Offshore development: creating a legacy for marine archaeology

Posted on June 19, 2020

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In 2011 the UK Marine Policy statement clearly stated a view, shared by all UK Administrations, that heritage assets should be conserved through marine planning and that, opportunities should be taken to contribute to our knowledge and understanding of our past by capturing evidence from the historic environment and making this publicly available. Coupled with massive growth in offshore development in recent years, these steps forward in marine planning have resulted in the production of an enormous body of archaeological data, entirely funded by developers. Using both case studies and theoretical papers, this panel will look to explore how we realise the public benefit of this data and how we can create a meaningful legacy for marine archaeology in terms of both the approaches we take to ‘rescue   archaeology’ in the marine historic environment and to the assimilation of data as part of established research agendas.

Victoria Cooper, Royal HaskoningDHV

Katy Bell, Dodnor Rediscovered Archaeology Project

Dead Man’s Chest: Historic Environment Data Archive Centres and MEDIN

https://youtu.be/_rzYnRo-3SY

The Marine Environmental Data Information Network (MEDIN) is a partnership of UK organisations committed to the preservation of, and access to, digital data from the marine environment. Marine datasets are expensive to collect and always unique in relation to time and geographical position. MEDIN has established a series of Data Archive Centres (DACs) to ensure the long-term preservation and reuse of data across a range of disciplines. The Archaeology Data Service, Historic Environment Scotland and the Royal Commission on the Ancient and Historical Monuments of Wales form a federated DAC for the Historic Environment. The DAC partners are each committed to the long –term preservation and re-use of data from marine archaeology. Whilst the DAC partners take on responsibility for archiving digital data, success of the DAC is dependent on the collaboration with those undertaking fieldwork and research in the marine historic environment. Does MEDIN help deliver the meaningful legacy the marine archaeological community expects?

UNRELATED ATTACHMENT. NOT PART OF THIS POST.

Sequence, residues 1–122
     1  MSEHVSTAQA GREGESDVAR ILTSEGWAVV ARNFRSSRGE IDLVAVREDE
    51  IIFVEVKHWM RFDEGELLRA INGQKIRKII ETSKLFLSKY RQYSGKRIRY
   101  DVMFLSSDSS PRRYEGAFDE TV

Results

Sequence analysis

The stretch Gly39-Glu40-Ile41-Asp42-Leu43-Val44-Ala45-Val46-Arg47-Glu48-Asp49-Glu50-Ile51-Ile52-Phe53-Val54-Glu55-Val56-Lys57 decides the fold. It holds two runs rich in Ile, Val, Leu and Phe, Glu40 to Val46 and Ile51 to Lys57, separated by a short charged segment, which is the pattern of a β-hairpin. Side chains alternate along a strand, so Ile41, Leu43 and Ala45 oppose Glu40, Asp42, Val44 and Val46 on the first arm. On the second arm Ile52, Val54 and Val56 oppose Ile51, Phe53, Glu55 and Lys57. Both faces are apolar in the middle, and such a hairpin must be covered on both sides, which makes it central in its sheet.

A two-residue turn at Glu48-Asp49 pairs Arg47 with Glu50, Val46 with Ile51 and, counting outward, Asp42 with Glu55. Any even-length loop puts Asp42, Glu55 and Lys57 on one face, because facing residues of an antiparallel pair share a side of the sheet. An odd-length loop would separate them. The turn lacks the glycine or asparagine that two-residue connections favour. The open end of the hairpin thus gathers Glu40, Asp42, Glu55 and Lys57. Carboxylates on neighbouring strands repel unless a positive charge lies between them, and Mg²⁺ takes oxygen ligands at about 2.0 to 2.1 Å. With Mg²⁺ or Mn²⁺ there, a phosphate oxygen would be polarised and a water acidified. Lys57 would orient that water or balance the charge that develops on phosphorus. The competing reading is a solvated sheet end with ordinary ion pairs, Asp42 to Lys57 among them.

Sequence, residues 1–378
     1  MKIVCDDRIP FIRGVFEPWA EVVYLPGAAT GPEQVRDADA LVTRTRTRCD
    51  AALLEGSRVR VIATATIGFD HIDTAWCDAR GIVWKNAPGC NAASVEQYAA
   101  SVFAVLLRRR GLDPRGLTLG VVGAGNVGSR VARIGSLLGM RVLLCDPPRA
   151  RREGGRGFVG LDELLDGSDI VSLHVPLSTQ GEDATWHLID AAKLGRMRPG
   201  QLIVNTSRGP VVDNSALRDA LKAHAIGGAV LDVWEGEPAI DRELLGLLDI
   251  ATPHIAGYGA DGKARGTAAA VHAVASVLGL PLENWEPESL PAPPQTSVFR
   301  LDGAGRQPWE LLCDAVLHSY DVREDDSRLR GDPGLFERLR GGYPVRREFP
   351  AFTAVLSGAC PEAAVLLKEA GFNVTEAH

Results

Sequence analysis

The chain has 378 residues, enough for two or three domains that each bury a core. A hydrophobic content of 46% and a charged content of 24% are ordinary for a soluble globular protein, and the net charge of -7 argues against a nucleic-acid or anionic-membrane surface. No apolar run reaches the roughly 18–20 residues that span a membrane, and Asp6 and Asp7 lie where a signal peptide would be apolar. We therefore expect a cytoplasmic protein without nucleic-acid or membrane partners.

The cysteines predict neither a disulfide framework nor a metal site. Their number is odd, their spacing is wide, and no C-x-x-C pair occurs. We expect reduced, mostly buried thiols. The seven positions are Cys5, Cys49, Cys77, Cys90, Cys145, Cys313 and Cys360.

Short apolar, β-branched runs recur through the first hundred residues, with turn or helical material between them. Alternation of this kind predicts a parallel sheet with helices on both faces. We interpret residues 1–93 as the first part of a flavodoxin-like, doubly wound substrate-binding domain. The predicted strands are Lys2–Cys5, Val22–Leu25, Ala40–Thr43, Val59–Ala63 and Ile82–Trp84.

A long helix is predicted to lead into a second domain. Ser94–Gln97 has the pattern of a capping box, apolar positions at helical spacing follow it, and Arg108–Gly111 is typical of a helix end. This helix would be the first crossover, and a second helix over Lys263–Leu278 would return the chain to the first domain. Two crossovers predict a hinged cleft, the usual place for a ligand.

Peter McKeague (Historic Environment Scotland) and Katie Green (Archaeological Data Service)

Across and beyond site boundaries: maximising the legacy of commercial submerged landscape investigations

https://youtu.be/MrKk566TKm0

Claire Mellett (Wessex Archaeology)

Archaeological work in support of offshore development is enabling significant advancement in our understanding of submerged palaeolandscapes. However, the data and technical reports produced tend to be site-specific and not always accessible.
What is the legacy of these archaeological studies? Do they contribute to regional research agendas? How can we ensure accessibility of information and maximise the public benefit?
In this paper we address these questions using a case study from two wind farm developments in the southern North Sea. We demonstrate that value can be increased by: a) considering data across and beyond site boundaries, enabling the formulation of area-specific research questions; b) using these research questions to inform site-specific aims and objectives rather than simply reacting to data availability; c) utilising all available data, including that collected for non-archaeological purposes, and; d) promoting wider engagement beyond the archaeological community.